How can a family reduce stress during this time of uncertainty? What can help keep or bring happiness to your family during the COVID-19 crisis or anytime?
In the sixth post in this series, I shared the allowance and planning steps of the Weekly Family Planning Meeting (WFPM). In this, the last post in the series, we will talk about what works well and where your family might struggle.
What Works Well
Most children don’t like change. If you stick to this system, it does work to introduce change with little disruption. The kids perceive their larger amount of control because they contribute to the changes made in the WFPM.
Not receiving a daily point or worse yet, losing a Cotcha is a huge loss of face in the family. The kids will work hard to avoid this and do well in their commitments to the rest of the family.
There is usually an increase in the amount of tasks completed in a given day. Most things are independently accomplished with a much lower level of frustration. This means less arguing and yelling by mom and dad.
Where are the struggles?
Skipping the family stand ups can be an issue. If this happens, give kids that remember to start the meetings a Cotcha. This helps the meetings occurring. Even if there is a conflicting school activity, hold the stand up right before bedtime.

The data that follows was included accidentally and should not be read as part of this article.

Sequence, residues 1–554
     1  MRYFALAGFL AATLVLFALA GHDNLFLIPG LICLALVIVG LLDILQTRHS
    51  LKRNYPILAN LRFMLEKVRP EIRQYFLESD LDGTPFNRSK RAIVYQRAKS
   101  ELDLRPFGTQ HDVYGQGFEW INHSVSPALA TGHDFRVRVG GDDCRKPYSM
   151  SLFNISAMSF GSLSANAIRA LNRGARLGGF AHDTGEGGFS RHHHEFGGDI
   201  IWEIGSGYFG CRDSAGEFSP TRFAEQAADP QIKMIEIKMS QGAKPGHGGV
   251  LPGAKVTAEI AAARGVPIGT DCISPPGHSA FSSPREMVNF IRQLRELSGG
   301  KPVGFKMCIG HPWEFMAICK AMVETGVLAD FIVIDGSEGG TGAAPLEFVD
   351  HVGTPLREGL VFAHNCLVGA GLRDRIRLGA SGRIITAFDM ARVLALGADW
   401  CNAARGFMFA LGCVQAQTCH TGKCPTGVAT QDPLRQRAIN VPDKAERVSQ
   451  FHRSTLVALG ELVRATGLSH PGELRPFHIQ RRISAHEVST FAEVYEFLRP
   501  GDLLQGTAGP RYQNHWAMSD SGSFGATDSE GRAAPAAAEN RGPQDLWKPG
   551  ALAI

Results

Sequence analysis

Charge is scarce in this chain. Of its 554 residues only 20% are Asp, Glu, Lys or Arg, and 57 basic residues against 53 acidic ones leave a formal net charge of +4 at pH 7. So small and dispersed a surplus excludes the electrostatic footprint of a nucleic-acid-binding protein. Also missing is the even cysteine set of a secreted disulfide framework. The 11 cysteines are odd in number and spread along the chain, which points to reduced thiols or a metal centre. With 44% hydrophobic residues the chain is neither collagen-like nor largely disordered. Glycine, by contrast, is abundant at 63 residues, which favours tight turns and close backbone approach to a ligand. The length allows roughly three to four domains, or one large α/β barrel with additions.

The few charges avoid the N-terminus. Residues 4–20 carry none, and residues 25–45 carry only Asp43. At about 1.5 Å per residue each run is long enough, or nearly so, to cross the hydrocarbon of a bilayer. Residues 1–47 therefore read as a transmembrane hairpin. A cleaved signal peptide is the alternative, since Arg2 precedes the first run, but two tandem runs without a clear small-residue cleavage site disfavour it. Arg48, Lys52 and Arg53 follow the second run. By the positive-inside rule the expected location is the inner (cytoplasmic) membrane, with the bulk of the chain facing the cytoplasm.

Don’t forget to reward Cotchas for good behavior. To not do so decreases their effectiveness. If the parents forget, it’s ok to ask the kids to help with these as well.
If a meeting must be missed because life happens, simply adjust. Don’t skip a meeting! Be persistent, keep the system working.
The End-Not really, it’s the beginning!
The increased productivity is certainly a valued piece of this system. The real value lies in the increase in communication between family members. Making time to talk about how the family functions is key to improving behavior and happiness at being a part of the family.
Talking about common dysfunctions like arguments as a family has a genuine impact on individual behavior. Openly managing an individual’s behavior in a structured group is a powerful tool to promote more positive behavior.
When parents encourage their kids to become part of the change process, kids will be less fearful of change. To stay relevant, the process must always be open for change. The goal is a happier, healthier family!